FOX 8 Defenders: Higgins Gate property remains an eyesore years after it was torn down

Blighted building remains an eyesore even after demolition

NEW ORLEANS, La. (WVUE) - For years, the city has tried and failed to fix a blighted area that used to house the Higgins Gate Apartments and even though it's gone, the area remains an eyesore.

Micah Glausier works next to the property at the Berean Church in Algiers.

“It sends a message to our community that says that we as a community don’t matter as much, because a large area of blight like this can remain,” Glausier said.

Higgins Gate has been left abandoned since 2008. Once an apartment complex, it now sits overgrown with trees and debris.

Councilwoman Kristin Palmer questioned code enforcement officials about the land during a Quality of Life Committee meeting Tuesday (June 25).

“At this point, is it about just money, or is it about the health and safety of our people?” Palmer asked.

The property currently belongs to Love Outreach Fellowship, but Palmer said it’s come to the point that something needs to be done.

“It’s been a year and nothing’s happened," Palmer said. “Twice, there were efforts to clean it up. I actually have pictures of somebody doing something on the outside of the fence, but both efforts have failed.”

Glausier said with the abandoned property comes crime.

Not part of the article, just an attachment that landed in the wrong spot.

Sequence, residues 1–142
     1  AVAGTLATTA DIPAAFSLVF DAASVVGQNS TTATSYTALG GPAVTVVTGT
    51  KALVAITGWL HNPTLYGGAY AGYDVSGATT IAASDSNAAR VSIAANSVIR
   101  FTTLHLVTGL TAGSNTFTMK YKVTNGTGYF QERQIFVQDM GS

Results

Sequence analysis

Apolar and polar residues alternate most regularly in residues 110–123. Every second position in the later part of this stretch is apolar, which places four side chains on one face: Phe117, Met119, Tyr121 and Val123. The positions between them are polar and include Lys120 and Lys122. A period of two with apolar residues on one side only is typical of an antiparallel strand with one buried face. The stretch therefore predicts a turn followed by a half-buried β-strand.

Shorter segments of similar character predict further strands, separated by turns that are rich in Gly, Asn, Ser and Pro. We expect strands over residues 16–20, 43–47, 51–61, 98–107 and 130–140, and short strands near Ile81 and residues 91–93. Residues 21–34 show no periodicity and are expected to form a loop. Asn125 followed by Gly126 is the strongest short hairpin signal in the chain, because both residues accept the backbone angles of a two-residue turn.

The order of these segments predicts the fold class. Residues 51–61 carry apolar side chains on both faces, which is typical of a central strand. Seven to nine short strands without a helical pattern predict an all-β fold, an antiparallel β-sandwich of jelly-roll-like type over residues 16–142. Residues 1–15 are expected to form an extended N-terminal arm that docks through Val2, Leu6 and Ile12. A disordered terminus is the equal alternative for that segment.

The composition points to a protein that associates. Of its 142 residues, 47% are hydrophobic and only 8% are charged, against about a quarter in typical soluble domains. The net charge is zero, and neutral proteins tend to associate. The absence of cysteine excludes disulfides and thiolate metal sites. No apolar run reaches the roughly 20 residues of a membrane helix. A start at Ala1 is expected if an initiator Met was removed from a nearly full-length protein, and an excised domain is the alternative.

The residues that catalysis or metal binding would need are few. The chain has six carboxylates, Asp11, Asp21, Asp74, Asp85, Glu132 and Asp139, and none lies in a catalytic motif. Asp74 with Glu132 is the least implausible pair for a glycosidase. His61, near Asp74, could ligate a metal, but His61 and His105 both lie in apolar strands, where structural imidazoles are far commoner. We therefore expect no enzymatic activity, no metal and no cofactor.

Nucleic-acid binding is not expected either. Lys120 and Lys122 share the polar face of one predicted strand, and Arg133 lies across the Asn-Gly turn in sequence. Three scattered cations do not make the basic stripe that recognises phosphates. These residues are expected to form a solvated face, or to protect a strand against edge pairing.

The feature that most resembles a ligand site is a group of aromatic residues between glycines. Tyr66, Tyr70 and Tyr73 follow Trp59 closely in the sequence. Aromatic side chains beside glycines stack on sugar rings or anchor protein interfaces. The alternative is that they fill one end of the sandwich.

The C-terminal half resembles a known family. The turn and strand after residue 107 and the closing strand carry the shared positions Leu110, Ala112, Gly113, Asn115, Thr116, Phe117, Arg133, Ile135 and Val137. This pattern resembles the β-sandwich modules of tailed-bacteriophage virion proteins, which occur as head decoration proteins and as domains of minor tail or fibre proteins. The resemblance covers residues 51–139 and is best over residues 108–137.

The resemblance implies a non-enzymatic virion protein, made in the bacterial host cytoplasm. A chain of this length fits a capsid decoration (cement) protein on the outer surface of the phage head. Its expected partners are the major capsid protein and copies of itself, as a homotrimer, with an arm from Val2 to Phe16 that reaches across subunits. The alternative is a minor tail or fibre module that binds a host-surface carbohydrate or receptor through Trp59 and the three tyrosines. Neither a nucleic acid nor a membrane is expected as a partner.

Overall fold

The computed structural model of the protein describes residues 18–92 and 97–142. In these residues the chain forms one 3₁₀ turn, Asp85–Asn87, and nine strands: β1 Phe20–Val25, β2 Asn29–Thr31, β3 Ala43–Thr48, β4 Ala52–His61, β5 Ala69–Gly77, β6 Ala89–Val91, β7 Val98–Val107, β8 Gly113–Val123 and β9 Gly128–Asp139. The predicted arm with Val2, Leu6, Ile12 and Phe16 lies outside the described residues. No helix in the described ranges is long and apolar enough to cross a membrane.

“In the eight years since I’ve been at Berean, our air condition’s been stolen five times," he said. “The most recent one was in March. We pulled up and someone drove around and went through the gate back there behind it and then drove out Higgins Gate.”

He said fencing recently went up around Higgins Gate, but now instead of dumping inside the property, people are leaving their items on the sidewalk.

“What happens is because the debris is already there, they’ll come and they’ll dump mattresses and couches and all sorts of things out there and just make it a real eyesore, even on the street,” Glausier said.

While no clear-cut solution was ironed out, Councilman Joe Giarrusso said he hopes new attempts to rid the city of blight here and in other parts of the city get better results.

"We want to talk about how to make the blight hearings move a little bit faster. How do we make sure that title search and research is being done faster, and the tires, if there's certain gaps in the law, what can we do to fill those if the state isn't doing that? So it's a constant monitoring," Giarrusso said.

Code enforcement said it will pursue Higgins Gate for seizure due to health and safety concerns.

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